As Dutch farmers continue protesting against crippling Great Reset regulations on the agricultural sector, farmers in Ireland might be next on the chopping block.
The Irish government reportedly wants to cap carbon emissions in the nation’s farming industry at 28%, citing environmental requirements set by the European Union. However, some want to set an even more drastic target.
While officials are still debating what to set the targets for farmers, the Green Party has pushed a target of 30%.
Such a regime would require farmers to cut back on heavy machine use, ultimately impacting their annual yields.
Irish Farmers Association President Tim Cullinan said agricultural producers in the country are already struggling to keep their heads above water, and more regulations could make it even harder.
“If we have a reduction in what we’re doing, well, obviously that’s going to affect the viability of farmers,” said Cullinan.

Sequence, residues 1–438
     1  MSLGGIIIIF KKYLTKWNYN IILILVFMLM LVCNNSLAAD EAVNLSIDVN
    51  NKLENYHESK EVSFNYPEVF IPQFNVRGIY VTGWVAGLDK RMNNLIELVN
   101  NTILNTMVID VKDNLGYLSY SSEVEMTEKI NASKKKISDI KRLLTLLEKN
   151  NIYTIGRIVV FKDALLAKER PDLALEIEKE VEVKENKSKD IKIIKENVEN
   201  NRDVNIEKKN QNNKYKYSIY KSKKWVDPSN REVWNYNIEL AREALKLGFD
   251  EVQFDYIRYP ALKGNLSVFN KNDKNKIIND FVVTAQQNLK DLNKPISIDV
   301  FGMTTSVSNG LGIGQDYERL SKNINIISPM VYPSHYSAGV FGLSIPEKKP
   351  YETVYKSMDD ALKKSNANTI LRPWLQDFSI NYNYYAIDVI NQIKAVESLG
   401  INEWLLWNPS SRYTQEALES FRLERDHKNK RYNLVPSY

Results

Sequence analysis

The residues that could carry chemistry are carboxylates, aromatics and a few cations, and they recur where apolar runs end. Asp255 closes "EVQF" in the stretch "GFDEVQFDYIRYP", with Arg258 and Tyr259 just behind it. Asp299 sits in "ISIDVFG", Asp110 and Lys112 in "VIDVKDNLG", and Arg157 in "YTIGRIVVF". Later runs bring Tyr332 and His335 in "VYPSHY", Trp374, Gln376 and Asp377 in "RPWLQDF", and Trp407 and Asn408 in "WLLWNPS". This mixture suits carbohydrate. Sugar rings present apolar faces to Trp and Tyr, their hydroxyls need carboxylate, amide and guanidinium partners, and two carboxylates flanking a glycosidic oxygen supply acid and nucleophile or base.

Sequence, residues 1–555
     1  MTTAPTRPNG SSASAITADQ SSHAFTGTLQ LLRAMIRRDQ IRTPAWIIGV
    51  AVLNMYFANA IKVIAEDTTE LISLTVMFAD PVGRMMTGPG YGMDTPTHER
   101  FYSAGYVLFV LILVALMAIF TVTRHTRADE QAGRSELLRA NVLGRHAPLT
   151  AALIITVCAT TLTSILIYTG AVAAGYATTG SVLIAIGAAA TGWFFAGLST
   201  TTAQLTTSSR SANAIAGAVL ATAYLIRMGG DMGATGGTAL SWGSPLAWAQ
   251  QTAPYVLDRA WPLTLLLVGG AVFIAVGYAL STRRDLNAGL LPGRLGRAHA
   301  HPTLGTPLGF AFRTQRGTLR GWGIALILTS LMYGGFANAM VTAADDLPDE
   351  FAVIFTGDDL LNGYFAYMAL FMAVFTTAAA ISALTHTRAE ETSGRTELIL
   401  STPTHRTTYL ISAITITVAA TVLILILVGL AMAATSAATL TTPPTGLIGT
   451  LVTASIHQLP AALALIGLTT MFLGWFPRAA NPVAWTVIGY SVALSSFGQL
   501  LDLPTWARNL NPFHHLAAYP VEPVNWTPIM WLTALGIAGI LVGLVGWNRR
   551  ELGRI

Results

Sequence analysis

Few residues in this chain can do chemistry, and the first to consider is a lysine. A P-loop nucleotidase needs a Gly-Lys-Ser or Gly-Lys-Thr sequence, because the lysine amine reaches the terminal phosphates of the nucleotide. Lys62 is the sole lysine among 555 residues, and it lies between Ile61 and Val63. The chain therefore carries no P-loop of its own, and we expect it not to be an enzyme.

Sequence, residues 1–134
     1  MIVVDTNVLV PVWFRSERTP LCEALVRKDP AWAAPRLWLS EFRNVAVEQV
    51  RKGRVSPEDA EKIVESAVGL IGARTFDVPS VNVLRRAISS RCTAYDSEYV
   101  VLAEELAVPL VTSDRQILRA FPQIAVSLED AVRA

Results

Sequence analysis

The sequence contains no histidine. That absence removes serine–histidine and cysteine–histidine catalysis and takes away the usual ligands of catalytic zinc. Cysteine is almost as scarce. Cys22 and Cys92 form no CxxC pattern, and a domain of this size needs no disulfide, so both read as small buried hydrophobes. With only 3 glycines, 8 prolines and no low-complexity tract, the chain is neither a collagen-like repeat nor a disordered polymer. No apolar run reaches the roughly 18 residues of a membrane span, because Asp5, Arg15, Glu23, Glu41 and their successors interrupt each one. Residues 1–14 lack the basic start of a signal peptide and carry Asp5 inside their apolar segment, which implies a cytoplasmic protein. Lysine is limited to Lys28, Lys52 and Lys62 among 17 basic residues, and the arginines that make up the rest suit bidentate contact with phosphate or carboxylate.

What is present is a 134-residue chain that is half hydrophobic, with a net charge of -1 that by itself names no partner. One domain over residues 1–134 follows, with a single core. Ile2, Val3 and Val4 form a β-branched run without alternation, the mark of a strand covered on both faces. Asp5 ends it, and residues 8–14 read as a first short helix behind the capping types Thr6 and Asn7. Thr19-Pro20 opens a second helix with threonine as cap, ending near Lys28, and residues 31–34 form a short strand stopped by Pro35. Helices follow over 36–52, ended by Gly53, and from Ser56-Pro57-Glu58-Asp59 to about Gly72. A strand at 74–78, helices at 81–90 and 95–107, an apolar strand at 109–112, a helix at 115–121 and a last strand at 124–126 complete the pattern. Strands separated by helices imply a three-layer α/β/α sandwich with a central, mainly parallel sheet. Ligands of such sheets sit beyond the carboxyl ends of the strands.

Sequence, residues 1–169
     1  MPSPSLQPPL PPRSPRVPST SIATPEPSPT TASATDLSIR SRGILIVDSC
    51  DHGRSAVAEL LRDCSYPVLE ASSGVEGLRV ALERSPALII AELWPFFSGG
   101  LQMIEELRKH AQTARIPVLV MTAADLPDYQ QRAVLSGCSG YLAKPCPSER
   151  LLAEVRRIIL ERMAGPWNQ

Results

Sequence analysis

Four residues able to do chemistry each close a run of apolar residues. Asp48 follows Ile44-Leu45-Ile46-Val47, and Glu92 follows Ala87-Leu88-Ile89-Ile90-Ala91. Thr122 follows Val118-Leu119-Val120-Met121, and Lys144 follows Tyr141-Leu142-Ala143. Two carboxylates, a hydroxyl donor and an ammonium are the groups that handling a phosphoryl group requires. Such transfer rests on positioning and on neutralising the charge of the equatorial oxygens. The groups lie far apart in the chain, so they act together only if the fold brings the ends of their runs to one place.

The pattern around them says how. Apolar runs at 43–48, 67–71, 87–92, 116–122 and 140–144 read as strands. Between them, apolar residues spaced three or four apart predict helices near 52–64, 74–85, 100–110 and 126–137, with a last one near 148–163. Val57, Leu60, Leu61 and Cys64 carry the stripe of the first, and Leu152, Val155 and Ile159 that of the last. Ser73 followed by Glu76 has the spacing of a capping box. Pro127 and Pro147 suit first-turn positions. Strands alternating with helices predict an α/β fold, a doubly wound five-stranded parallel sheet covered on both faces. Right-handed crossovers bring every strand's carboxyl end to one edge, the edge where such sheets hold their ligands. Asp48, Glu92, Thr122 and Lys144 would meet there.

“So as it is at the moment, 30 percent of our farmers are viable. So, what we want to achieve here is to get a lot more of our farmers viable. So, it’s just trying to get that message through.”
He continues, saying that a 30% emissions reduction will lead to a potential €4 billion loss every single year and lead to tens of thousands of jobs lost.
“For farmers to achieve a 22% reduction, it is going to be costly and challenging to do,” said Cullinan.
“That’s in a sector that provides 170,000 jobs in every town and parish up and down the country.”
According to Cullinan, protests like those in the Netherlands aren’t out of the question if the government goes through with its plans.
“I can’t say that this morning but what I can say is, if we’re going to end up at that level, it’s going to be devastating, not just for farmers but for rural Ireland as well,” he said.
“I think none of us want to see that happening when there are ways we can work through this and ensure we bring everybody together on this journey as well.”